Don't buy a bike before you attend the MSF course. It saved me from making a really big mistake. You'll learn a lot about what you like and don't like about riding. You may even decide that you don't like it at all.

Get a bike with reasonable maintenance intervals. My V4 is pretty good about this, but I do have to hassle with a chain. The idea is to be riding, not wrenching. My next bike will likely be shaft.

Be meticulous with your bike. Check the fluids. Check the chain lube. Check the signals. Take the time every time to make sure everything in perfect working order. Sport-bikes especially need constant attention to detail. There's just way too much performance to be negligent in any respect. My friend who owns a shaft drive cruiser mocks me for spending so much time preening my bike. If someone objects, offer to tie them to your car bumper and drag them down the street at 70 mph.

Trust no one in a car. Paranoia is your friend. They are out to get you. No, they do not see you. I try not to be neurotic about it, but my point is that you are responsible for staying out of their way, because fault doesn't matter when you careen off a car and into oncoming traffic. And guess what, I have found that riding a sport bike seems to elevate the testosterone level with most punks in hot cars. Avoid them. If you can't avoid them, try to ignore them.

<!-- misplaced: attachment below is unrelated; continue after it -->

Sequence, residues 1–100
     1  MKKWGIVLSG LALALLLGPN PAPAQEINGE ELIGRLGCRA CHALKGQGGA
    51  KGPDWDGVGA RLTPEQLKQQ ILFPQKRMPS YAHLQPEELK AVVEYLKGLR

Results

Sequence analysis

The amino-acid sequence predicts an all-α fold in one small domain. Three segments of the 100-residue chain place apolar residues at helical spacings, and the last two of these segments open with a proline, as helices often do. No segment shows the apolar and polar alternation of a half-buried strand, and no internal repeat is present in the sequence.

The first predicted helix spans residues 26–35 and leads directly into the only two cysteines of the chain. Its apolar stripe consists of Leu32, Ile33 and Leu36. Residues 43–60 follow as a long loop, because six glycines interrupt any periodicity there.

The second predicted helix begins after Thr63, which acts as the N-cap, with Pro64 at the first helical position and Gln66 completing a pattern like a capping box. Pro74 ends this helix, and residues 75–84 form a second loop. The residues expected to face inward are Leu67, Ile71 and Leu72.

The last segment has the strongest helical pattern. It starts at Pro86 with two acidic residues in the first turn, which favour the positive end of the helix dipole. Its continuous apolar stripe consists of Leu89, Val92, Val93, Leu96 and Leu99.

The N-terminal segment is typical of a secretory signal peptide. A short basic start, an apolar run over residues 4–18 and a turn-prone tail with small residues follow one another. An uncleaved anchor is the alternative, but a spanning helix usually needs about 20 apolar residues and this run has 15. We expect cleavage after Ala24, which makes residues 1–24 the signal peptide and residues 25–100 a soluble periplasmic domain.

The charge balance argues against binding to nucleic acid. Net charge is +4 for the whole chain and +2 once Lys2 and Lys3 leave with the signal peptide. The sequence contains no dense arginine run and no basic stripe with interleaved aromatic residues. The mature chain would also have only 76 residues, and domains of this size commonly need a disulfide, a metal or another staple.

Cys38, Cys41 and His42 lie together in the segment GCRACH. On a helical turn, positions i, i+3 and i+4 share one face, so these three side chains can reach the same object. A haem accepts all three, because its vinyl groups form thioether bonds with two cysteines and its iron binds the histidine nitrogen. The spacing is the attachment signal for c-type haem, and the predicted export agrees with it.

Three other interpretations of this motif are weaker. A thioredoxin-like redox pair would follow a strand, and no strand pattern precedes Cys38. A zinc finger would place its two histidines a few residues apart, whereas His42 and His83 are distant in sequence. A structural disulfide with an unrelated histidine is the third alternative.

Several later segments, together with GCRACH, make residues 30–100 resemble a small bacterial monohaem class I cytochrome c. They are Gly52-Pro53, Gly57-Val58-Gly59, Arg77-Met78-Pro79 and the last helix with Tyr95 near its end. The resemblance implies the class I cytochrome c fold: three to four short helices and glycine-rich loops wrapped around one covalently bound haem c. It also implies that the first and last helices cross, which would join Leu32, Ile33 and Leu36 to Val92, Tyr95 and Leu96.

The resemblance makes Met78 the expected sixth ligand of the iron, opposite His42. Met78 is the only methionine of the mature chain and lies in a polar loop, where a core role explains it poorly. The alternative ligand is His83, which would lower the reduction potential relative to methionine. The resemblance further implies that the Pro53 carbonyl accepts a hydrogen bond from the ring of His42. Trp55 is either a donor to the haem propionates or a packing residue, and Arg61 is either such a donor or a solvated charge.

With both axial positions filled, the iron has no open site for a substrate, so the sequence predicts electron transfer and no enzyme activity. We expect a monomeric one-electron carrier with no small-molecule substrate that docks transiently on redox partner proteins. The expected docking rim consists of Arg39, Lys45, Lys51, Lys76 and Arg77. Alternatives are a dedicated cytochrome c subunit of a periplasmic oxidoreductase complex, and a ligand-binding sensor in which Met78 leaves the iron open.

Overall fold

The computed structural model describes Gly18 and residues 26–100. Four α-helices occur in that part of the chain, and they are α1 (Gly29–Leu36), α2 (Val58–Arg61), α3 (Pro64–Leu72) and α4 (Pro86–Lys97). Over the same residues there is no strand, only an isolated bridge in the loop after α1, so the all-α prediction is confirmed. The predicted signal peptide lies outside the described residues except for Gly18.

It's been hard to keep my wrist out of the throttle. I was one of those guys that figured "yeah, well I'm different." In reality, it has taken a lot of mental discipline to keep the speed within reason. Fortunately, I'm not a real speed freak; I just enjoy being out there on a bike for the most part. It's a real temptation, and I was surprised at just how strong the urge can be. The faster you go, the more stable the bike gets, and the better it feels. It's like a drug.

Be patient. I have learned a lot, but I have tons more to learn, and I will never stop learning. It's a process. You'll suck the first time you ride. You'll suck a little less the second time you ride, but you'll still suck. But if you can manage to keep thinking and stay focused, you can still be safe and learn. It's hard to be patient on a machine capable of so much performance, but you have to have the mental discipline or you're done. Better yet, get a bike that doesn't tempt.

In the end, I've been fortunate on many levels. I'm content with building confidence at a slow and steady pace, and I have nothing to prove. Yeah, I really dig my VFR. It does lots of things well, and typically does anything I ask. As long as I don't ask it to do anything stupid, I might just be okay.

I'm 31, married, own a home, have a responsible job, and am a semi-upstanding member of my community. And none of that has helped me become a better rider. Time and patience. Rinse, lather, repeat.
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Old 04-28-2005, 05:48 PM   #2
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Re: Thoughts From A Novice (Article)

Rinse, Lather, Repeat.........

Good read.
The difference between genius and stupidity is that genius has its limits
--Albert Einstein